Compared to the hard work of planning your kitchen layout and storage options, choosing your appliances can seem relatively simple. But there are a few things you should keep in mind before heading to the appliance showroom.

Communicate with your designer

If you are going to keep any of your existing appliances, be sure to let your designer know early in the process. The appliances you choose can have wide-ranging effects on the rest of the design. In general, if you have any strong preferences for a particular size or style of appliance, it's best to make that clear upfront rather than trying to adapt your design to your choices later on.

Ovens and stoves

One major decision you will have to make is if you prefer an all-in-one range or a standalone cooktop with separate oven(s). It's all a matter of personal preference and the space you have to work with. Separate ovens are usually mounted higher, so the ergonomics of baking are improved, but they may take up more space.

Electric or gas

Professional chefs and home chefs have long preferred gas cooktops to electric because they tend to heat up faster, put out more BTUs, and stop putting out heat as soon as they're turned off. However, there has been a shift toward induction ranges in recent years. These have most of the benefits of gas cooktops without some of the drawbacks, like dangerous fumes, risk of fire or explosion, and the high expense of installing gas service.

Speaking of that last point, don't forget to factor in the cost of installation of any gas appliance you choose. If your home isn't already connected to gas service, the cost to connect and plumb a new line can be as high as $10,000.


Refrigerators can range widely in price and in features. Quality models can be had for under $1,000, but higher-end domestic and European specialty models can be $10,000+. If you like the look or features of these top-of-the-line models, be sure to factor in the cost when budgeting for your remodel.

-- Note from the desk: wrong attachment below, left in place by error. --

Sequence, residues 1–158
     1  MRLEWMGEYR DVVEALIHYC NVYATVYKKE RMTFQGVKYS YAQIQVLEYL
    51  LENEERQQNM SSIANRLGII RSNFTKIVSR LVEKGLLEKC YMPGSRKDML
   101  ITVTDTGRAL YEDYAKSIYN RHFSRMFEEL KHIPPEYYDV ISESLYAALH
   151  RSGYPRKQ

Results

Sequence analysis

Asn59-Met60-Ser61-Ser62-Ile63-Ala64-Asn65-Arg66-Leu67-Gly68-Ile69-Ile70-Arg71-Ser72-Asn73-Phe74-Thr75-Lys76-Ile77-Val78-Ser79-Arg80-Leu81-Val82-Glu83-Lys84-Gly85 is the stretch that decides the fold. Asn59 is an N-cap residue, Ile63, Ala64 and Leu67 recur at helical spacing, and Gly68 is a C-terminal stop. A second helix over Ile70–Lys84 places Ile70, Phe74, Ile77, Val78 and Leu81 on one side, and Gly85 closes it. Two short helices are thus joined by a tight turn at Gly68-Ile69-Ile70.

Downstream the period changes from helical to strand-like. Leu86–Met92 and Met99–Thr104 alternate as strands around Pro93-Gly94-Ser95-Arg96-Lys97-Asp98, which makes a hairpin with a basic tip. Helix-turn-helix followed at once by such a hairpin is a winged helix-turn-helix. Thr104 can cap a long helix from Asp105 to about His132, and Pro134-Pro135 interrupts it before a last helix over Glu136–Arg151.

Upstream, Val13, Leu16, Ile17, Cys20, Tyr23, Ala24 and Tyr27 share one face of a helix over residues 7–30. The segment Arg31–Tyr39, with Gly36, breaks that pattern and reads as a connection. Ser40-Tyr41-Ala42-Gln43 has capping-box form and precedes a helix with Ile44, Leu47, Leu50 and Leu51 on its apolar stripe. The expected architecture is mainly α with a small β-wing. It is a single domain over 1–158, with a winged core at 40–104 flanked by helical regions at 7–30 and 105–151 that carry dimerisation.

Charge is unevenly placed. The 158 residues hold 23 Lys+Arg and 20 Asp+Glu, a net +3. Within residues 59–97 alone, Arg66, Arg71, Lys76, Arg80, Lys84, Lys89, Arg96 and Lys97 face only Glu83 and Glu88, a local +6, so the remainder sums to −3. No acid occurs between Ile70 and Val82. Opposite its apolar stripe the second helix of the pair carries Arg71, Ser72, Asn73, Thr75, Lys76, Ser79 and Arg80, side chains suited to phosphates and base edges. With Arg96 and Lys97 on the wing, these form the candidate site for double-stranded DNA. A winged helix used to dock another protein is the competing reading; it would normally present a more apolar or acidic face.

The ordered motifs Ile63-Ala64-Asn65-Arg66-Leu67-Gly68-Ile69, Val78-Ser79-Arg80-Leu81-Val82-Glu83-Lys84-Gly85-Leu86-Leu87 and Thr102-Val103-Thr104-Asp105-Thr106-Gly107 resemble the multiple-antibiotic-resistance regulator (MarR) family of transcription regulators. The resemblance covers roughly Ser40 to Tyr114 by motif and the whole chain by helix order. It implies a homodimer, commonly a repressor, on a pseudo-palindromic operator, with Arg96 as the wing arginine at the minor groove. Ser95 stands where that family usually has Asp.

Energy efficiency

The cost of ownership for a refrigerator isn't just the initial price tag. Various models can have widely varying energy needs. Choosing an efficient fridge can save you money in the long run. Look for the yellow Energy Guide stickers and compare models by their cost to operate per year. Generally, you'll be able to spot more efficient models by their thicker doors, which indicates extra insulation.

Refrigerator tech

In addition to the style of refrigerator (french-door, sliding freezer drawer, etc.), you can now choose from a dizzying array of technology add-ons, everything from built-in smart screens to seltzer-water dispensers. Unless you think you'll get lots of value out of these bells and whistles, it's probably wise to steer clear. Today's technology can become quickly outdated, especially if you hope to keep your refrigerator for many years.


The main thing you should think of when shopping for a microwave is where you plan to put it. Remodeling your kitchen provides a great opportunity to design dedicated spots for small appliances like microwaves and clear up your counter space. Consider a microwave drawer, appliance garage, or built-in nook in your cabinets. We recommend against an over-the-range design.

Otherwise, make sure you pick a model with sufficient wattage. Also consider one with a convection feature. Or you could even forgo the microwave in favor of a steam oven, toaster oven, or speed oven (which combines a high-wattage microwave with a convection oven).


Most of the dishwashers you will be considering will be the standard size. You can choose between a single compartment or a double-drawer-style model.

When shopping for a dishwasher, the main differences (other than looks) are the noise level, rack style, specialized cycles, and water/energy usage. The hidden factor is how well a given model cleans. It's a good idea to read reviews to get the lowdown on all these factors.

Customize your kitchen appliances

For a truly unique look or feature set, consider ordering customized appliances. At a basic level, you can order a dishwasher or refrigerator that accepts a front-panel that matches your cabinetry so that the appliance virtually disappears into the background.